Twenty-three year-old Cho Seung-Hui perpetrated the largest campus killing spree in U.S. history, leaving 33 people dead, including himself. Not only has the killer cut a gaping hole in the heart of the victims families, his actions provoke an avalanche of questions that begin with why: Why would anyone do such a thing? Why do terrible things happen? Why would a loving God allow such a thing? It's the latter question that I've been hearing most often.
It's interesting that God has been brought into the equation. The same God who gets thanked at country music award shows suddenly gets called on the carpet when horrible events happen. This is the same God of whom 96% of Americans profess to believe in, yet they carry on as usual, with His existence impinging very little, if any, on their own. And there are consequences for this.
When we as created beings, fail to give glory to our Creator and we pursue other, lesser gods - which is the essence of sin - resulting in a vacuum of hopelessness, emptiness and despair within us. Since a relationship with our Creator is the only thing that is calculated to satisfy us, we are left dissatisfied, unbridled, and at war within ourselves.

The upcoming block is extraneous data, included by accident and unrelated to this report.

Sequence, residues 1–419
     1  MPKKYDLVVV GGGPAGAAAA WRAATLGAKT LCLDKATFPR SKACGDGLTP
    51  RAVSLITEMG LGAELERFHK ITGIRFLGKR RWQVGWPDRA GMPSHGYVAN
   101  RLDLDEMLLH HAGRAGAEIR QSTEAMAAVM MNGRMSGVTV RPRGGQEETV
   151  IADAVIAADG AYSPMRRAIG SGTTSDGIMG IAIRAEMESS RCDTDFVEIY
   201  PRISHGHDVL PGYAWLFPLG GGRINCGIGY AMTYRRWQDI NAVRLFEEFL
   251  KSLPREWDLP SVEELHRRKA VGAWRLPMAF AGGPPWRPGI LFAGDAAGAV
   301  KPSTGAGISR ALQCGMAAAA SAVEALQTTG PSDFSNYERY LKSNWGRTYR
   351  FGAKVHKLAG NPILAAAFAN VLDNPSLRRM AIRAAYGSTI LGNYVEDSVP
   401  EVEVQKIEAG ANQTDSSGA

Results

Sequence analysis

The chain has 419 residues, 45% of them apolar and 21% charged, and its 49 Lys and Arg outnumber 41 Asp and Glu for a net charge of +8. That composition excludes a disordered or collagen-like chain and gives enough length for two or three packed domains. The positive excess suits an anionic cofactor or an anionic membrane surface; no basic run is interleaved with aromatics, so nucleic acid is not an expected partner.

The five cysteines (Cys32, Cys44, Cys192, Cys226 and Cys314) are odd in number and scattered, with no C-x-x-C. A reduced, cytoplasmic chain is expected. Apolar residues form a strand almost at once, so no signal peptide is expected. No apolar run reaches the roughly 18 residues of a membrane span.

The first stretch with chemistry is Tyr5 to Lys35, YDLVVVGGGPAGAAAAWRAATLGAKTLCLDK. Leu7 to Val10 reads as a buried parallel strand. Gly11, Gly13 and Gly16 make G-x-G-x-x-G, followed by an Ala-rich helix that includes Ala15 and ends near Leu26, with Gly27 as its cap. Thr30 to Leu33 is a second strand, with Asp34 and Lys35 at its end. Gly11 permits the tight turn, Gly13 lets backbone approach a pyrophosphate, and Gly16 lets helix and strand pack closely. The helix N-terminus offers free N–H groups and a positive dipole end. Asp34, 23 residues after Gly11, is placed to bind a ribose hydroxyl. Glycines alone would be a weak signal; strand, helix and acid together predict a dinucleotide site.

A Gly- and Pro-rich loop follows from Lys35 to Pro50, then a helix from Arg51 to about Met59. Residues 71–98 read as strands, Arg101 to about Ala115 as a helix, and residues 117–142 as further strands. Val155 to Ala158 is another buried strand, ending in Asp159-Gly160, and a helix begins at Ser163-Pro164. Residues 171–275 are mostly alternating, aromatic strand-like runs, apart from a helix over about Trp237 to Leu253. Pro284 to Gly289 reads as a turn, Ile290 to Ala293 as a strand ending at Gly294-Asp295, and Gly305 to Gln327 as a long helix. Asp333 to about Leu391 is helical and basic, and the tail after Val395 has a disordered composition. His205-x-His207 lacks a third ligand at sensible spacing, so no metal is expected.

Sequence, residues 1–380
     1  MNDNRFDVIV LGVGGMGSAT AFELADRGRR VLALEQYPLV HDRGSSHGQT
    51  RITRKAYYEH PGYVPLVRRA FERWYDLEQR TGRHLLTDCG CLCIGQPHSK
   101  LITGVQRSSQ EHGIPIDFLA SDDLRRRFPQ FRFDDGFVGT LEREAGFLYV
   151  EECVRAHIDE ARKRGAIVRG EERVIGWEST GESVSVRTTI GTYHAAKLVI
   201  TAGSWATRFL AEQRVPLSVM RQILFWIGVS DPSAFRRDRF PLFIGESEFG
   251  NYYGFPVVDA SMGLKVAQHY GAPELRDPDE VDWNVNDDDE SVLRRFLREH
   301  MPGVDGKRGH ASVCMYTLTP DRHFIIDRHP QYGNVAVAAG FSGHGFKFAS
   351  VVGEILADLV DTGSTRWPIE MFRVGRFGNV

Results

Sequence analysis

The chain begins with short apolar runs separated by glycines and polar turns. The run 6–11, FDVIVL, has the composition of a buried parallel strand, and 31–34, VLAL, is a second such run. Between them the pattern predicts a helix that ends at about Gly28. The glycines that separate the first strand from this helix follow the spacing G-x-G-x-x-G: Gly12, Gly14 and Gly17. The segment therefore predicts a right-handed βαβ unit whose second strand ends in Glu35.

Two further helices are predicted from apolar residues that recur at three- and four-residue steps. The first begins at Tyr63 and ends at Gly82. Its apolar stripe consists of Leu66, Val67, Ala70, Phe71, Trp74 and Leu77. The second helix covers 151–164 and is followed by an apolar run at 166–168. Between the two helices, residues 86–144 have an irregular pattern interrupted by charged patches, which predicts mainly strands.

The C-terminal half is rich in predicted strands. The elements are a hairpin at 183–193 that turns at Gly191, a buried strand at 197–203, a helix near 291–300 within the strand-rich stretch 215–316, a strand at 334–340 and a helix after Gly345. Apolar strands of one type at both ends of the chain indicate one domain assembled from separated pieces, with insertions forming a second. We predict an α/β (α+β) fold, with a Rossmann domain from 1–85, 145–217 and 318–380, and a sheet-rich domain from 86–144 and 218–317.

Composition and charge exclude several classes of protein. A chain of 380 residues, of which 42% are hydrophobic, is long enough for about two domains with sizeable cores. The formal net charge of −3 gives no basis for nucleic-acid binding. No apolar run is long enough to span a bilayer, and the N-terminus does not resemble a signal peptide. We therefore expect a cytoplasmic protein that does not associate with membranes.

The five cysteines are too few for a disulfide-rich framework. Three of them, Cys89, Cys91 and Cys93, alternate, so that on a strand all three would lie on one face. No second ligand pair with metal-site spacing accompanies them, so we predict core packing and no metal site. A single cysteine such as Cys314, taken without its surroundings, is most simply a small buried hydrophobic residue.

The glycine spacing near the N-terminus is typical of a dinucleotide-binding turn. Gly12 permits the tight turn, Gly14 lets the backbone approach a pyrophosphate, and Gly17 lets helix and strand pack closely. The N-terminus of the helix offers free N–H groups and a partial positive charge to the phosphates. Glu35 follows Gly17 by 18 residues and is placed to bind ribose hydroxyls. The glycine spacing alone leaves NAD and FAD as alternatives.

What causes quarrels and what causes fights among you? Is it not this, that your passions are at war within you? You desire and do not have, so you murder. You covet and cannot obtain, so you fight and quarrel. (James 4:1-2 ;ESV)
After reading that verse I find it interesting that Cho left writings behind "raging against the rich kids" - hence, "you desire and do not have, so you murder."
I have concluded that it is difficult to live in a fallen world as a fallen man. My confidence is this, however, that though I am a sinner, and therefore part of the problem, Jesus Christ died to redeem sinners like me. And though the wages of our sin is death, the gift of God is eternal life through Christ Jesus. Everything would be supremely hopeless without this assurance.
Pastor Van Morris